The FRRP has intervened with several annual reports and accounts because of this issue, and in each case the company has revised either the arrangements or the amounts recognised to the FRRP’s satisfaction.
There can be advantages for both the scheme and the employer in setting up an asset-backed contribution arrangement, but the FRC is making a clear statement that treating some pension liabilities as an equity obligation within the sponsor’s accounts is not one of them.
Other Pensions Bill developments
As the Pensions Bill made its way through the House of Lords this week the simplified defined benefit auto-enrolment provisions outlined above were not the only matters discussed. Some of the more significant amendments proposed included the following:
- Government amendments to the existing provisions in the Bill that make the PPF compensation cap service-related. These amendments, which were accepted, ensure that whilst members of a scheme undergoing a PPF assessment period at the time the legislation is introduced will see their payments increase in line with the service-related compensation cap, any valuation of the scheme will remain based on the current cap. They also provide that a scheme that is winding up outside the PPF when the legislation comes into force will allocate its assets against the current cap structure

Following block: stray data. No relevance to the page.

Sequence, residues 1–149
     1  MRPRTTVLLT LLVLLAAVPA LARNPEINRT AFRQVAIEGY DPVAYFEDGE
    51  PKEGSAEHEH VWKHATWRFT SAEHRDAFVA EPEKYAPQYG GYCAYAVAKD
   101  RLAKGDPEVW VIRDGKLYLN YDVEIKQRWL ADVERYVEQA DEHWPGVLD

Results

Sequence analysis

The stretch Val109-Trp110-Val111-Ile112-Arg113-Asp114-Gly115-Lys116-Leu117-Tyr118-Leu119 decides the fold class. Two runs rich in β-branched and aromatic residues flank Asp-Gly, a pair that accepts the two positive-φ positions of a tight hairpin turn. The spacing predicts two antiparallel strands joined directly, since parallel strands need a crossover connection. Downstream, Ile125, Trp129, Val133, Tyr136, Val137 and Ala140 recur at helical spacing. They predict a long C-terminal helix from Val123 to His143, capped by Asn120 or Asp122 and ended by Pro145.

- Government amendments to the PPF compensation cap. A technical error in the current law was corrected with retrospective effect so that any individual with an entitlement to an occupational pension and a pension credit following divorce in the same or a connected scheme will have the two entitlements kept separate when PPF compensation is calculated. The strict letter of the current law could result in significantly lower PPF compensation as the PPF cap is applied to the two amounts having been added together
- The Pensions Regulator’s new objective, “in relation to the exercise of its functions under Part 3 only, to minimise any adverse impact on the sustainable growth of an employer”, was passed without amendment. It was suggested that “sustainable growth” be changed to “sustainability”, to be more appropriate for all organisations (eg not-for-profit organisations). The Government reassured the House that “sustainable growth” would be interpreted widely to ensure it was appropriate for all employers
Budget 2014 – You decide!
HM Treasury has launched a public call for original and innovative ideas which could be considered in this year’s Budget on Wednesday 19 March 2014.
If you have any ideas which could improve the Government’s taxation or spending policies they need to reach HM Treasury by 14 February 2014.